In 2008, I sat in a conference room in Washington with a major, high-technology company talking about competitive gaming and games as a spectator sport.
Consider at this time – Twitch didn’t exist in its current form, and gaming videos were just starting to pop up on YouTube, but not live. The question that drove the conversation in the conference room, was how much and in what ways should this tech client invest in this burgeoning live gaming as a sports market?
We all had strong opinions, but the consensus was that “no one would ever sit in front of their computer and watch people play video games”.
We considered watching gameplay as a secondary choice for anyone interested in games; you might watch it on the bus or on your work break, but if you were sitting in front of machine capable of letting you play games, you would choose that over watching people play.
Fast forward to August 2018 and we were wrong by 380 million people – the current estimate of the worldwide audience of eSports, of which 215 million are classified as “non-gaming” enthusiasts.
I also had just visited the high-performance training facility at at the SCG, where the Sydney Drop Bears eSports team trains. It’s clear to see that eSports has well and truly taken this sporting nation by storm, with the Australian eSports fan base more than doubling in the last two years and with major broadcasting, media and entertainment companies like NOVA, and traditional sporting clubs, buying into the lucrative market.
But in the 10 years since that meeting, live-streaming has scaled to new heights and this audience has grown to be 300 million strong, but very little has been fundamentally innovated in the world of eSports. The industry is still relying on tried and true business models, drawn from decades of traditional sports, split exactly as you might expect – advertising, sponsorship, merchandising, media rights and ticket sales.
This leaves tremendous opportunity to create a distinctly new experience with eSports, with three key innovations that haven’t landed into mainstream yet – relevance, value and choice.
The first innovation is machine learning and how it can enable personalisation – and relevance – at scale.
A few years ago, we could make an assumption that most people watching eSports consume or are players of the game they’re watching – we now know this isn’t the case. To ensure long-term profitability and monetisation, we need to target the new audience appropriately with ads. Through platforms like Twitch and YouTube, digital ad platforms can combine scale with machine learning, to customise and tailor campaigns to what the viewer is doing in that moment.
Machine learning can also create new models of broadcast in eSports, through image and context detection.
The visuals of eSports tournaments can be stale and generic; watching the same game played by 10 different teams is unexciting, compared to traditional sports like basketball where you can recognise and follow your favourite player. Adding machine learning will enable more intelligent camera switching and decision making about what content you’re showing to the audience.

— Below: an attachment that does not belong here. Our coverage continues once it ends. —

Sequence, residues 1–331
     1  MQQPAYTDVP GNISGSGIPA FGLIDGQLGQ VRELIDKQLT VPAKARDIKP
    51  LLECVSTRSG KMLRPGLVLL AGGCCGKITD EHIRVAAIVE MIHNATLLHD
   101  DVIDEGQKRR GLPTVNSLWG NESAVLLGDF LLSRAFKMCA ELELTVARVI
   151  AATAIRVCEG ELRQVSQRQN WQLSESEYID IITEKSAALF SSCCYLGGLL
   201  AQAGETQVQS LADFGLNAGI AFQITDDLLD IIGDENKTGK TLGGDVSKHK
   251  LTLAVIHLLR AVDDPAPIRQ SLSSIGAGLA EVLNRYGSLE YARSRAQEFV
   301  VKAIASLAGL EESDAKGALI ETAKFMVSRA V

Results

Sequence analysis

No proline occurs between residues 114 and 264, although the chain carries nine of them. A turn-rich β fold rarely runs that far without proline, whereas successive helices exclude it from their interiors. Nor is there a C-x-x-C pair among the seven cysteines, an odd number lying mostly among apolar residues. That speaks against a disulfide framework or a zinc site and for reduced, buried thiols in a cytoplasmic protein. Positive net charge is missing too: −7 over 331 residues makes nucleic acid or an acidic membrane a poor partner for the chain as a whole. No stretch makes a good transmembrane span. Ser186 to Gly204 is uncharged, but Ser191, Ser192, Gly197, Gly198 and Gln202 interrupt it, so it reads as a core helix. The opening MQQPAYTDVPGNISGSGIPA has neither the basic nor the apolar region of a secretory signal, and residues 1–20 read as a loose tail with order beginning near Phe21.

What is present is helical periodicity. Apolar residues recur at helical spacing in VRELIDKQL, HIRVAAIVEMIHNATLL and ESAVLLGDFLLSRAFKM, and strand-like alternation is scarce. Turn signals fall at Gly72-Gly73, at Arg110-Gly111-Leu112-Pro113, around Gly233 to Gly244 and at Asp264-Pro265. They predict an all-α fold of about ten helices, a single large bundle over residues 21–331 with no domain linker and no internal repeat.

The second innovation is creating an exchange of value, through new technology like blockchain.
Today, the eSports model involves streaming, sponsorship and traditional sports compensations. But as blockchain becomes more prevalent, we could see a shift towards a decentralised model of compensation and sponsorship.
Not only could blockchain create a direct link between players and the companies that sponsor them, where revenue models favour players, but it could also establish a direct value exchange between viewers, content creators and advertisers. Such is the case for blockchain-powered video player Verasity – that allows advertisers to put in money to the system that can be then used to pay broadcasters independently, depending on how much content is being viewed by the audience.
This system also gives eSports viewers the power of control; allowing payments in the form of credits or in the form of time value to be transferred to viewers. A viewer can make a decision about how much advertising they want to watch, in exchange for the right to watch a certain amount of content.
For example, if you watch five minutes of ads, you can be rewarded 10 credits that can be converted into two hours of match play.
This element of control aligns with the final innovation of “choice”.
At the E3 conference in Los Angeles, I met and spoke with a company called Genvid. Genvid’s platform enables developers to create and deliver interactive broadcasts to live streaming audiences, so eSports viewers can actually be participants in the game. Not “just sit-back observers”, but where viewers can take actions and shift the dynamics of the game as its playing out.
Just like in The Hunger Games, the audience can pull together money in the form of tips that could deliver a crate of supplies or in an eSports tournament, spawn a player versus environment (pve) in map, to help players solve complex tasks.
It’s not hard to see the untapped potential of eSports in Australia and around the world, with these three innovations.
If organisations buying into the eSports market – media, advertisers, sports clubs – can implement real innovation into their business models to better target, lower the costs of transactions, and give viewers the power and control of the experience, over the next 10 years eSports will become a dominant force in all sport and redefine what Australians will come to expect.
Nelson Rodriguez is Global Director of Media Industry Strategy at Akamai Technologies
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